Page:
The telco industry is one of the world’s most important, given that the services and conveniences that telcos deliver are critical for everyday work and life. Consumers depend on telco networks to connect with their preferred businesses as well as their social circles, while enterprises need telcos to connect with the greater global economy. During the past 30 years, the industry has moved beyond mere telephone companies into the role of network custodians responsible for shepherding torrents of data to and from a growing number of connected devices. This evolution will only accelerate as the next generation of powerful 5G networks come online to support even more advanced features and services.
With continued 5G expansion, customers’ expectations for accessibility, personalized service and quick resolutions will only accelerate. The good news is that Artificial Intelligence (AI) can help telcos meet these expectations today and prepare for the ones delivered through future 5G networks.
Service Anytime (and Almost) Anywhere
Modern AI-powered Intelligent Virtual Agents (IVAs) allow organizations to automate high-quality customer engagements at scale. The most advanced IVAs like Amelia have state-of-the-art intent recognition which means that, unlike a static chatbot which searches for keywords or specific phrases, these technologies can discern meaning from the wide spectrum of human speech (e.g., “How many minutes do I have left on my calling plan?” vs. “How much time do I have left this month?” vs. “Can I do a two-hour conference call without going over my minutes?”). With this kind of conversational AI, customers can interact with Amelia just as they would with human agents. Also, unlike a basic chatbot, Amelia can handle context switching between requests and scenarios, so she can manage longer engagements that might jump between steps in a process.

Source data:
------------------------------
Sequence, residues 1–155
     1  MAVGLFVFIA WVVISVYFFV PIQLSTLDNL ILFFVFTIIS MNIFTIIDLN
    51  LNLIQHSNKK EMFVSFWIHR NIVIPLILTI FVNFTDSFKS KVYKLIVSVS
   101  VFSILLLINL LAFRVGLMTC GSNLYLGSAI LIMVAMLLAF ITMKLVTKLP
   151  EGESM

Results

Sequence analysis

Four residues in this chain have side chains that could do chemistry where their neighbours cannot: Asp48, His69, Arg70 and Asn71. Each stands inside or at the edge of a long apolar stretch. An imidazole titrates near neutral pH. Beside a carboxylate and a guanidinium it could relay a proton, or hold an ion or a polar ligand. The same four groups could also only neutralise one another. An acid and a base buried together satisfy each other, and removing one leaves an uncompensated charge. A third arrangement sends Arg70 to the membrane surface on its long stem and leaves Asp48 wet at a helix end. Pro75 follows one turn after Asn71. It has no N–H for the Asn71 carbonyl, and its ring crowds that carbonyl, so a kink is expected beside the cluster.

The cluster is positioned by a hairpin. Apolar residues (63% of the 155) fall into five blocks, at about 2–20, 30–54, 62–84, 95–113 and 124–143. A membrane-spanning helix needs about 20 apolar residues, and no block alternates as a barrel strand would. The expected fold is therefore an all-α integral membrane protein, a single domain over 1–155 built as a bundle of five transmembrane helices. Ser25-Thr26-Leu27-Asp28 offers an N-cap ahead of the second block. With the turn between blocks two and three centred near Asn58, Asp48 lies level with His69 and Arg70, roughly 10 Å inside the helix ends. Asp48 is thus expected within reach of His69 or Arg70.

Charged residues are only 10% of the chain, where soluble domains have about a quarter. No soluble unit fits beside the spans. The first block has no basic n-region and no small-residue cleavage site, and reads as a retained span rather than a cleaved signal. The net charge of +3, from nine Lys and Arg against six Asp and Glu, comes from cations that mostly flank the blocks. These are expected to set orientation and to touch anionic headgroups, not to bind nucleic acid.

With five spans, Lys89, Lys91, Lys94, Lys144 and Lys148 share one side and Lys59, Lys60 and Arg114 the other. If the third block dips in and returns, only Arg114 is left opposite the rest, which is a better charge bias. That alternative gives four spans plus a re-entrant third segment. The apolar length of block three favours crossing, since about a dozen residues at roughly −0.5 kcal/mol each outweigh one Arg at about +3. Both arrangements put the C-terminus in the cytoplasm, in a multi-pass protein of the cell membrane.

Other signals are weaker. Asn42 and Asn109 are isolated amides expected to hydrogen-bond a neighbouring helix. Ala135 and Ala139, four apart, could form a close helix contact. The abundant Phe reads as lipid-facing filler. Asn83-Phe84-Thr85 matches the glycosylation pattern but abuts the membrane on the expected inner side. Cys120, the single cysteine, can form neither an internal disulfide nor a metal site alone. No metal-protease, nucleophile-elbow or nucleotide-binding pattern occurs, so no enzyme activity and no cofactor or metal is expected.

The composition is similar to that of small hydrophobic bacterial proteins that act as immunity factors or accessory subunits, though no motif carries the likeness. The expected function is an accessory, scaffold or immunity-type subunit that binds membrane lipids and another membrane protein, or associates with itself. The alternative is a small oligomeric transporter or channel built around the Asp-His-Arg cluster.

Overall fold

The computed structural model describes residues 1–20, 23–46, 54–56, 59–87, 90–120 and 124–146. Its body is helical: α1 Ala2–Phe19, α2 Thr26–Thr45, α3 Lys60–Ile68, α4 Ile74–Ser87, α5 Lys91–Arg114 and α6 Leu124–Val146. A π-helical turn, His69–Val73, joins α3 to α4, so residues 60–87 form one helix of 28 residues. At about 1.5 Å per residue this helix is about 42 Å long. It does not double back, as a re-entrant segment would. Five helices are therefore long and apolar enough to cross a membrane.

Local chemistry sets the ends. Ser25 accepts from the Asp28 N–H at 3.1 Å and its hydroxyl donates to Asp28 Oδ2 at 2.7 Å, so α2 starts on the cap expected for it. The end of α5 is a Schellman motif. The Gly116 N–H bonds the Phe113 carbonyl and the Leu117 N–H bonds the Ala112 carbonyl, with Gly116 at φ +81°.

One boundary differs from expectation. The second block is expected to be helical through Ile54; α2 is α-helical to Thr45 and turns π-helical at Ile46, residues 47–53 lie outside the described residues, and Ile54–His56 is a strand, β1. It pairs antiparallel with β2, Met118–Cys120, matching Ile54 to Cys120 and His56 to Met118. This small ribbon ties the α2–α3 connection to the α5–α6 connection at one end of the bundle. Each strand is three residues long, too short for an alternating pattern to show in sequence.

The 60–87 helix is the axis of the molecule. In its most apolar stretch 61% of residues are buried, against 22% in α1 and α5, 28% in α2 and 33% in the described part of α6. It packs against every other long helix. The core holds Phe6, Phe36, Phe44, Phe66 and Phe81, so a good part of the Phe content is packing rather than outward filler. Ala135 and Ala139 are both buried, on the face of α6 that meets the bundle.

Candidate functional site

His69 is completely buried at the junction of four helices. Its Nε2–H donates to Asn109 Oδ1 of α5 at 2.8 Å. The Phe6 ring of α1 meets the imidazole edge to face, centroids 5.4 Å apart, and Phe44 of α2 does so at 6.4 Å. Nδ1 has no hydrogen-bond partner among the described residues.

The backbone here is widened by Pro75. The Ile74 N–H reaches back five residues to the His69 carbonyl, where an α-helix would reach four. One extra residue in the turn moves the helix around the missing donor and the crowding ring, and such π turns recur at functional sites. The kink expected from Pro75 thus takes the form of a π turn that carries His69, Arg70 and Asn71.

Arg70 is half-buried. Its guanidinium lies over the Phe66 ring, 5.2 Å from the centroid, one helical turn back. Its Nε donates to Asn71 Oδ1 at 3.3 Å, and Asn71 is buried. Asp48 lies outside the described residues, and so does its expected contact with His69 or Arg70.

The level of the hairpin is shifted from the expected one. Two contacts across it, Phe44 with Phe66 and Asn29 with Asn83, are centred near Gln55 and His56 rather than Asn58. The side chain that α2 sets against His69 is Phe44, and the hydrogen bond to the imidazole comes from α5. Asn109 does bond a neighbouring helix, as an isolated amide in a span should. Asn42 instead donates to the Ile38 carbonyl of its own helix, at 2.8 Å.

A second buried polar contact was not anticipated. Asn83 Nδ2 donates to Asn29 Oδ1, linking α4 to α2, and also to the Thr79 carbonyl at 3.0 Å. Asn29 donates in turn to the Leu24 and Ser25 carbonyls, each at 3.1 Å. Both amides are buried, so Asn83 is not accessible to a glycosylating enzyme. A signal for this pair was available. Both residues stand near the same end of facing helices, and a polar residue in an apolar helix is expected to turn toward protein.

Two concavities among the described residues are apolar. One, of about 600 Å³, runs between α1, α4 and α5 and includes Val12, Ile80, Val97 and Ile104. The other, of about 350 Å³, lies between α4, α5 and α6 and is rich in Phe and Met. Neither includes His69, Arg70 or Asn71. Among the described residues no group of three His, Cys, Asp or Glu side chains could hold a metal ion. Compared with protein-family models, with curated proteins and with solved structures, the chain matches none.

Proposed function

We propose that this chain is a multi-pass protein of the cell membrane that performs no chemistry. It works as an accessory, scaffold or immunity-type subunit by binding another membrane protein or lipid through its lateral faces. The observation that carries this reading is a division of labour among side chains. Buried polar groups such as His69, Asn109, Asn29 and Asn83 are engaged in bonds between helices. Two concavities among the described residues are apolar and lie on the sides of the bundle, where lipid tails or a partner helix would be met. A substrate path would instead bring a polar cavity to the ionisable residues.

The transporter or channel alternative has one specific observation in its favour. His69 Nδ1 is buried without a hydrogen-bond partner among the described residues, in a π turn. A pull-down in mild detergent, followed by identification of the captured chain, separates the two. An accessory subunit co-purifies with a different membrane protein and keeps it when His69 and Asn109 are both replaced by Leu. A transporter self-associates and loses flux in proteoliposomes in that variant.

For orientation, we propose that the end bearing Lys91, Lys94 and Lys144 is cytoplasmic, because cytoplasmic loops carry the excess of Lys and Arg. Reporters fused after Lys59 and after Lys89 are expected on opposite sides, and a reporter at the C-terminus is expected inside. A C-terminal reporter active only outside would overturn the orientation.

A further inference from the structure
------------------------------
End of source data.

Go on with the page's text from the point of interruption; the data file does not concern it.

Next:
While it would be wonderful for telcos to provide every customer with immediate access to a knowledgeable human agent whenever needed, that’s not a practical strategy — or at the very least not a cheap one. But IVAs scale to meet demand, which means telco customers can access digital agents 24/7 from any connected device (click here to read how one major telco leveraged Amelia to automate consumers’ social media conversations to enhance services and increase sales).
Customer: How much would it cost to add a separate mobile phone line to my account?
IVA: I would be happy to help you with that. Let me show you the different plan options available.
Not only can an IVA answer customer FAQs, but the solution’s back-end integrations allow users to independently resolve issues without any human intermediation, resulting in faster service.
Customer: I’d like to add a new credit card for automated bill payments.
IVA: I can assist you with that. What is the card number you would like to use?
While IVAs can be used to automate just about any routine user-facing task, that doesn’t mean that telcos will no longer rely on human agents altogether. IVAs are ideal for automating repeatable, high-volume tasks (e.g., answering FAQs, password resets, simple billing requests for mobile devices, etc.), freeing human agents to address more complex or unique customer needs (e.g., “My kid just dropped my phone in the bathtub, and now it’s on the fritz – can you help me fix it?”).
Alternatively, IVAs can make human agents more productive by augmenting how they work. As agents engage with customers, IVAs can provide the most up-to-date information and relevant protocols to their human colleagues in the background. For example, when Allstate insurance hired Amelia as a “whisper agent” to work with its human agents, it was able to reduce average call time and increase first-call resolutions in just the first few months. This kind of scenario can be applied to agents working in telco call centers dealing with questions related to billing, coverage, payments and other areas.
As 5G expands its scope, customers will demand even more from their telco providers — but thankfully telcos can lean on AI technologies, particularly conversational AI, to keep up the pace.